Background The ApoE4 genotype is the strongest genetic risk factor for developing AD. However, the mechanisms that underlie this link between ApoE4 genotype and SAD are not well understood. Objective/Hypothesis The objectives are to understand the molecular underpinnings of the association between ApoE4-specific changes in miRNA profile and ApoE4-induced brain phospholipid dysregulation which leads to ApoE4 increased susceptibility to develop SAD. Our recent findings demonstrate that ApoE proteins are critical determinants of brain phospholipid homeostasis and that the ApoE4 isoform is dysfunctional in this process. We have found that the levels of PIP2 are reduced in human and mouse brains of ApoE4 carriers, and in primary neurons expressing ApoE4 alleles when compared to those levels in ApoE3 counterparts. These changes are secondary to increased expression of a PIP2 degrading enzyme, the phosphoinositol phosphatase synaptojanin 1 (synj1), in ApoE4 carriers. Genetic reduction of synj1 in ApoE4 mice restores PIP2 levels and more importantly, rescues AD-related cognitive deficits. These findings are the first to link synj1 and PIP2 homeostasis to the pathogenic effects of ApoE4 in sporadic AD. Further studies suggest that ApoE4 behaves like the ApoE null conditions, which fails to degrade synj1 mRNA efficiently unlike ApoE3 does. We have also found that the levels of miR195 and miR374 are significantly lowered in ApoE4 mouse (9-12 months of age) and human brains (MCI and early AD subjects) compared to those in non-ApoE4 counterparts. Over- expression of miR195 but not miR374 in ApoE4 treated neurons reduces synj1 protein expression. Moreover, we have found that disruption of ApoE binding to its receptors LRP1 or genetic knockdown of LRP1 abolishes ApoE-induced changes in miR195/synj1 pathways. Therefore, we hypothesize that ApoE3 binds to LRP1 to up-regulate miR195 expression which subsequently modulates synj1 mRNA degradation rate and synj1 expression levels in the brain. In ApoE4 neurons and brains, decreased levels of miR195 may contribute to the reduced degradation rate of synj1 mRNA, thereby increasing synj1 protein expression and reduce brain PIP2 levels. These changes may contribute to ApoE4-associated synaptic and cognitive dysfunction. Rationale/Experimental Design In this application, we will study the effects of specific miRNA changes on ApoE4-associated phospholipid dyshomeostasis, synaptic dysfunction as well as cognitive dysfunction (aim 1). We will determine if elevating miR195 (which are low in ApoE4 mouse brains when compared to ApoE3 counterparts) by intraventricular injection of viral-containing miRNAs, can correct phospholipid dyshomeostasis, and rescue synaptic and cognitive deficits in ApoE4 mice without and with AD transgenic background in vivo. We will also determine if inhibiting miR195 by antagomirs in ApoE3 mouse brains without AD transgenic background can result in phospholipid dysregulation and subsequent synaptic and cognitive deficits, similarly to what we observed in ApoE4 mice. We propose to deliver miRNA-containing viral packages or miRNA antagomirs to hippocampal regions of 3-month old mice, and to determine their cognitive function at 6-9 months of age, as well as spine morphology and brain PIP2 homeostasis at 9-month of age.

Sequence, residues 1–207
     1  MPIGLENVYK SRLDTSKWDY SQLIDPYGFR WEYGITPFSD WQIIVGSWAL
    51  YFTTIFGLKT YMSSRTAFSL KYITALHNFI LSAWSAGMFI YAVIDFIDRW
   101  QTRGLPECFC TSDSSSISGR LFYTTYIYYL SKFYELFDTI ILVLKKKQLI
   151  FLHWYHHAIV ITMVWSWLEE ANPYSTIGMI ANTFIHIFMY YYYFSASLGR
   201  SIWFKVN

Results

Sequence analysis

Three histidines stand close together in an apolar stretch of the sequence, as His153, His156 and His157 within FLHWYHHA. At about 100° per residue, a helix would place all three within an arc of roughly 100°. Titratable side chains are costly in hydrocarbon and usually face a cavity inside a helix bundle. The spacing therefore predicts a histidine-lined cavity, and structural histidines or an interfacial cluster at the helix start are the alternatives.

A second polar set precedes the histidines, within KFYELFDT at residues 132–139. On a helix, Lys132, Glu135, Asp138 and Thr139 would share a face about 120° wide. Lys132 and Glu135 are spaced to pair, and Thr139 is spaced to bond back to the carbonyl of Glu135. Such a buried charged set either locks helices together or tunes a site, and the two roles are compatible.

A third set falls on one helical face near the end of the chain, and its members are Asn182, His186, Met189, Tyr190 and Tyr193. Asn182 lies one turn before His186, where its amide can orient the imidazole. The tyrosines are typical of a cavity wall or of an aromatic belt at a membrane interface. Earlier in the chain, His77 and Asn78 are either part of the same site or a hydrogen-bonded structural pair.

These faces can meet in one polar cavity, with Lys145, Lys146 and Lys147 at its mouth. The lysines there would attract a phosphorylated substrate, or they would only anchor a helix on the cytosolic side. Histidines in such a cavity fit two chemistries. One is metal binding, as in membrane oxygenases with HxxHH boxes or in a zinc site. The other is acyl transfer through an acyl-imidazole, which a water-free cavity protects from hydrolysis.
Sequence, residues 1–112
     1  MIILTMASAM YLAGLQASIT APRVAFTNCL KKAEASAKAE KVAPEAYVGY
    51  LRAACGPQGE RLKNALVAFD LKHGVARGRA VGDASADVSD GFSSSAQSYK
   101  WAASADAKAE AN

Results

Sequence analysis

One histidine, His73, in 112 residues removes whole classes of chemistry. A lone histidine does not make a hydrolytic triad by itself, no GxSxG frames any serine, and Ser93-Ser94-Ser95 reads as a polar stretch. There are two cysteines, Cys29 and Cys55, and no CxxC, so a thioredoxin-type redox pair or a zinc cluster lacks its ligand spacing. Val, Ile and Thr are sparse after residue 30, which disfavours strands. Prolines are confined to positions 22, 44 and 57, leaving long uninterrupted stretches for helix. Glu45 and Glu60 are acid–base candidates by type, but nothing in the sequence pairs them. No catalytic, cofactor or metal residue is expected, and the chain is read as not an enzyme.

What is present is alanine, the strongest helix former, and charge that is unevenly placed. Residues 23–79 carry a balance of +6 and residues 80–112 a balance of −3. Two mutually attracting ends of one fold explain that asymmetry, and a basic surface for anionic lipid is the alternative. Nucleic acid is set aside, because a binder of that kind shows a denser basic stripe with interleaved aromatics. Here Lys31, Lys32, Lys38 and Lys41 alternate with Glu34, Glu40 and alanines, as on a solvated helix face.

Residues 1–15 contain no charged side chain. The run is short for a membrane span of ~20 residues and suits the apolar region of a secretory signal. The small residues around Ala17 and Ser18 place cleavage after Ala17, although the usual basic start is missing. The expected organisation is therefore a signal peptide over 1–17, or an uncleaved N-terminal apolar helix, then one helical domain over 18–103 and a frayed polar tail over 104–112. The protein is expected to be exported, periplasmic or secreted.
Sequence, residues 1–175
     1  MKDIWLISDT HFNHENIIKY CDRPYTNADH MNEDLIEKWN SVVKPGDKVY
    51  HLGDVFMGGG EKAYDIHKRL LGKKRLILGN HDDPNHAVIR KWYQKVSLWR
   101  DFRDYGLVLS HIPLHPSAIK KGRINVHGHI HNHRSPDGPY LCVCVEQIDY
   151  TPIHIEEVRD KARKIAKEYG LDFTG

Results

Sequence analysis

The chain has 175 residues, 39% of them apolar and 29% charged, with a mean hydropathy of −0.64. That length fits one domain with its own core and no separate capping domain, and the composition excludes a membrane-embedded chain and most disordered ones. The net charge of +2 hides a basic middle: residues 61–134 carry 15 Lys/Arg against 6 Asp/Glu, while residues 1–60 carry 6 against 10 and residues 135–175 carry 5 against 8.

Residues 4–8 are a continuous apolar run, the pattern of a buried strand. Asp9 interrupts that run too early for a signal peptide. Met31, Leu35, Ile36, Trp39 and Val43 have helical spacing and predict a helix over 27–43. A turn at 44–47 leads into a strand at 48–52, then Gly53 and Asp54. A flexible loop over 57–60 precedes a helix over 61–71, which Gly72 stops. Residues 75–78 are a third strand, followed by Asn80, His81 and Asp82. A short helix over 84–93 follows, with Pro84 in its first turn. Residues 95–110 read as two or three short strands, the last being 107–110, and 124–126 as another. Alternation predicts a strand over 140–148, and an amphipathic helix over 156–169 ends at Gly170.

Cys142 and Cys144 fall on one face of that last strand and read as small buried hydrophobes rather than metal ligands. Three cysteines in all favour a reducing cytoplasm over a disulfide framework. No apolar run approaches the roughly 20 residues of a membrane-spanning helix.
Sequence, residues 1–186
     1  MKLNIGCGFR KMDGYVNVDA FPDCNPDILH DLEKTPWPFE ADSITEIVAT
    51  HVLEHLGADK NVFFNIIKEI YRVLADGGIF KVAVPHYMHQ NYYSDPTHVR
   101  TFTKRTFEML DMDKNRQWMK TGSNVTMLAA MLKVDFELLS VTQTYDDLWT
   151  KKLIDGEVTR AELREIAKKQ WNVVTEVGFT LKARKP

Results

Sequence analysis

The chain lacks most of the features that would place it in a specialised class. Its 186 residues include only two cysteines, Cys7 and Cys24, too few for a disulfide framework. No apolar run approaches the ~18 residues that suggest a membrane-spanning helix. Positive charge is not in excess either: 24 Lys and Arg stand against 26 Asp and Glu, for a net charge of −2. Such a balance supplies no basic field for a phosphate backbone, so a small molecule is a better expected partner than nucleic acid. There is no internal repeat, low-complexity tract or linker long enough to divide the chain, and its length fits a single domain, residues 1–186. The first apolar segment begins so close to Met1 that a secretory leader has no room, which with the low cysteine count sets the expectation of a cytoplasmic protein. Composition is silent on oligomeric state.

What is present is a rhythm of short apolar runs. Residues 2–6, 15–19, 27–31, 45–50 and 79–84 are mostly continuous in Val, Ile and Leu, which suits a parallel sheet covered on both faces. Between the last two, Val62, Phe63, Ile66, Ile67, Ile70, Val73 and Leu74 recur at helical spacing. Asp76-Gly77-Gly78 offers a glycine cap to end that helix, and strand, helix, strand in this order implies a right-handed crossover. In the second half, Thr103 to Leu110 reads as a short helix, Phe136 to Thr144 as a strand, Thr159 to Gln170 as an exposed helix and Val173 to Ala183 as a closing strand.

In aim 2, we propose to determine the signaling pathways that link ApoE isoforms to LRP1 leading to changes in miR195 and synj1 which contribute to ApoE4-related deficits. We propose to determine effects of miR195 on synj1 transcript by luciferase assays, to identify binding motifs of synj1 3?-UTR regions for miR195, to determine the downstream signal pathways from ApoE receptors to changes in miRNA and synj1 expression, and to identify key drives and candidate genes important in regulating brain phospholipid homeostasis and cognitive function after miRNA manipulations in ApoE mouse brains using NGS data assembly and network prediction analysis. Relevance/Impact The studies proposed in this application could help us design therapeutic interventions for the treatment of AD targeting at brain lipid homeostasis and ApoE4 through microRNA regulation.

Public Health Relevance

Alzheimer?s disease (AD) afflicts approximately 10% of the general population over the age of 65 and 50% of the population over the age of 85. The cognitive loss and dementia caused by AD lead to increasing healthcare cost escalation and human suffering. Therefore, a better understanding of AD pathogenesis is of particular importance. Our recent findings link ApoE4 genotype-specific changes in brain phospholipid homeostasis to the ApoE4-dependent increased susceptibility to develop sporadic AD. In this application, we propose to further characterize molecular mechanism(s) underlying ApoE4-genotype specific changes in brain synj1/PIP2 pathways through miRNA modulation. These studies will advance our understanding of the importance of ApoE4-induced brain phospholipid dysregulation in development of neurodegenerative processes and cognitive deficits. Our research could benefit the aging research field and guide future development of therapeutic interventions for AD targeted at brain lipid homeostasis and ApoE functions.

National Institute of Health (NIH)
Veterans Affairs (VA)
Non-HHS Research Projects (I01)
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Neurobiology D (NURD)
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James J Peters VA Medical Center
United States
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